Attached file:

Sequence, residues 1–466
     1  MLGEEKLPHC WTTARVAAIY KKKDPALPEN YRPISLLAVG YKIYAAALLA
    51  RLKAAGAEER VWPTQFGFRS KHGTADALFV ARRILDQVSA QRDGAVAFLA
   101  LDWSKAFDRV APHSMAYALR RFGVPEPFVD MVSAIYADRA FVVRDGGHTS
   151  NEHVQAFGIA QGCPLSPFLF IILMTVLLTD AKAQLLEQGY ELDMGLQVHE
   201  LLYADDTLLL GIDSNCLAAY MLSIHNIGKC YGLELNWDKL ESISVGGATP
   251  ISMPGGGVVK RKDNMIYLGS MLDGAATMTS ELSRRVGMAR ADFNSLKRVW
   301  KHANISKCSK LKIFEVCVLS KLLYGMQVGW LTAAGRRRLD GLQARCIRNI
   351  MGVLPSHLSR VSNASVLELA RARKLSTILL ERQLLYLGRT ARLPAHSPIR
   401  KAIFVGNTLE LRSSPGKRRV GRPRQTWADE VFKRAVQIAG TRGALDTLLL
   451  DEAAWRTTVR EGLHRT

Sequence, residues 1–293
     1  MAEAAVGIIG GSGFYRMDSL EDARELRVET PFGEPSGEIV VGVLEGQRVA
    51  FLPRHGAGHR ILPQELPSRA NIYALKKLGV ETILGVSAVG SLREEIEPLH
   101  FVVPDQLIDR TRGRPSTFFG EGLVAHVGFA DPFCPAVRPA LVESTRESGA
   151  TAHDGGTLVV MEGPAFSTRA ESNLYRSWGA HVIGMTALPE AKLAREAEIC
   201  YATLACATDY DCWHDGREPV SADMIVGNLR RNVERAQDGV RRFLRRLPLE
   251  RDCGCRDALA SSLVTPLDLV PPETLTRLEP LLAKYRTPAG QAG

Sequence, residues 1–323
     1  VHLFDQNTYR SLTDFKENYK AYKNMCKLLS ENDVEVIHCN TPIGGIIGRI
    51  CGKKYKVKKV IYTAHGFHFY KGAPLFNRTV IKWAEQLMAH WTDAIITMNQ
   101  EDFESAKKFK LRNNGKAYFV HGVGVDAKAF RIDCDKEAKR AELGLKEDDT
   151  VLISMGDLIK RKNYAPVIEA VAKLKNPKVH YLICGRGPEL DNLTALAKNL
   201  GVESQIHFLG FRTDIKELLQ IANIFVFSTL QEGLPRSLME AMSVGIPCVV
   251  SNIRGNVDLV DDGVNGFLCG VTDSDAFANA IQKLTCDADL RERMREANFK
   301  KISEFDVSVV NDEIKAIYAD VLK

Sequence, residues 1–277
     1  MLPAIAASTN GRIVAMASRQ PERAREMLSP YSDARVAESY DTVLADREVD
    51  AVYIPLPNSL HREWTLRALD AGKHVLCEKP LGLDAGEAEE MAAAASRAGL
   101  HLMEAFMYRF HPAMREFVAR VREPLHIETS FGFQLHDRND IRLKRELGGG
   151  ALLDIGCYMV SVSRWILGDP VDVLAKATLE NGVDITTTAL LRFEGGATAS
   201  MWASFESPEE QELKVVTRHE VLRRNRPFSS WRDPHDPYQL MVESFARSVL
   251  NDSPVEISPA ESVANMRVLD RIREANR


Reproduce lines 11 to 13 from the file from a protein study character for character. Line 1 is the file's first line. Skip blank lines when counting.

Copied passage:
   451  DEAAWRTTVR EGLHRT

Sequence, residues 1–293
     1  MAEAAVGIIG GSGFYRMDSL EDARELRVET PFGEPSGEIV VGVLEGQRVA